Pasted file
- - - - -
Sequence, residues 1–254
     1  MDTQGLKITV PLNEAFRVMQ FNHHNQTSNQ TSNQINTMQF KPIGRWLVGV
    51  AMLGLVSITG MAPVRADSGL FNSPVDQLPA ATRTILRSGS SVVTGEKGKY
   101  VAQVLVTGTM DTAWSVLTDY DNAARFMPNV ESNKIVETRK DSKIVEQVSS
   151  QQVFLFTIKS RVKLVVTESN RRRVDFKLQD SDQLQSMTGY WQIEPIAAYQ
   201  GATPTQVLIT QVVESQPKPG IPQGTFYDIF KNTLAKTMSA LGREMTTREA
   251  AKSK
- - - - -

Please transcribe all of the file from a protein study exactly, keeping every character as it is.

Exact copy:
Sequence, residues 1–254
     1  MDTQGLKITV PLNEAFRVMQ FNHHNQTSNQ TSNQINTMQF KPIGRWLVGV
    51  AMLGLVSITG MAPVRADSGL FNSPVDQLPA ATRTILRSGS SVVTGEKGKY
   101  VAQVLVTGTM DTAWSVLTDY DNAARFMPNV ESNKIVETRK DSKIVEQVSS
   151  QQVFLFTIKS RVKLVVTESN RRRVDFKLQD SDQLQSMTGY WQIEPIAAYQ
   201  GATPTQVLIT QVVESQPKPG IPQGTFYDIF KNTLAKTMSA LGREMTTREA
   251  AKSK